How is freedom perceived in Brave New World?
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Brave New World largely defines freedom through the structures that prevent freedom. Bernard feels these constraints most acutely, as in a scene from chapter 6, when Bernard and Lenina have a conversation about freedom. Lenina insists that everyone has a great deal of freedom - the freedom "to have the most wonderful time." Soma represents this kind of freedom, as it puts people in a hypnotic state in which they no longer feel as though they should ask questions or defy the structures of society. Bernard insists that this is no freedom at all.
Bernard claims that his ideal of freedom is the freedom to be an individual apart from the rest of society. Bernard strives to be free in his "own way...not in everybody else's way." Huxley argues here that certain structures in our own modern society work in the same way that drugs like soma work in this fantastical dystopia. Huxley often argues against the use of advertising specifically for the way that it hypnotized people into wanting and buying the same products. Such things keep people within predefined structures, and it quashes free thought, which ultimately restricts freedom.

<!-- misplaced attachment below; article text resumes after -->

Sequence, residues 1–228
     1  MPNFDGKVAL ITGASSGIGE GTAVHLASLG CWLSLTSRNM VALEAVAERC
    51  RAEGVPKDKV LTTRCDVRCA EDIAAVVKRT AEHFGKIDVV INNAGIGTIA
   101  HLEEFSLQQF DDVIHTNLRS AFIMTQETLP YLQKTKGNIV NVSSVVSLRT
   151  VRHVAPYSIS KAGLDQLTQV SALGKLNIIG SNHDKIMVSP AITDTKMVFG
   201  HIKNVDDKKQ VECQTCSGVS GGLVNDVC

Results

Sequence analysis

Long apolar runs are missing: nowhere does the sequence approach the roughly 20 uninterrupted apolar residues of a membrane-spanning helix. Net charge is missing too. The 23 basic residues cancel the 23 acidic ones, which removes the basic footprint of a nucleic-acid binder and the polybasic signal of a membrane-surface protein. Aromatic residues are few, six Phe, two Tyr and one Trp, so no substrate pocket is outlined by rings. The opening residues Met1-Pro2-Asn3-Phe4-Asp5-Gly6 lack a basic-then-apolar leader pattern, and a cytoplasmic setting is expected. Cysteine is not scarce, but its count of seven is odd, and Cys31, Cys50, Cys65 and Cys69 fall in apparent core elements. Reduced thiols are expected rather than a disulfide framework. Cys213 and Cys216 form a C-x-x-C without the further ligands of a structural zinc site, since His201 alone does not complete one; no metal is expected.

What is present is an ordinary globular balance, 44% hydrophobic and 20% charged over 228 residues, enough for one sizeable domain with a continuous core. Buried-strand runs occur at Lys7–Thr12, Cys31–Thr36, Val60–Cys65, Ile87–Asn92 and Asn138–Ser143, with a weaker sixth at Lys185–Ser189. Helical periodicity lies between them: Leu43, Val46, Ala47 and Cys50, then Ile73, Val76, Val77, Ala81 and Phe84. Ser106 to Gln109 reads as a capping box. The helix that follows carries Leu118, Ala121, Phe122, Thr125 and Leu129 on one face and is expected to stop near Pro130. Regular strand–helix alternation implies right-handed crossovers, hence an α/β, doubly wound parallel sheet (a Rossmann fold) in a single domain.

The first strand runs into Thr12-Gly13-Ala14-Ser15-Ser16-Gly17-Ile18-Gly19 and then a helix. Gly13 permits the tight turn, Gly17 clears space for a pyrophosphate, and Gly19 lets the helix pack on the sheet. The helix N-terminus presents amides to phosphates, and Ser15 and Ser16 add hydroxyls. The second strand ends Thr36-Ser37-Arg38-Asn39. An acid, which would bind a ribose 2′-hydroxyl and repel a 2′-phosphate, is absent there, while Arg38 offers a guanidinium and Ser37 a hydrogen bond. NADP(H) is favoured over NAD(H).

Brave New World, GradeSaver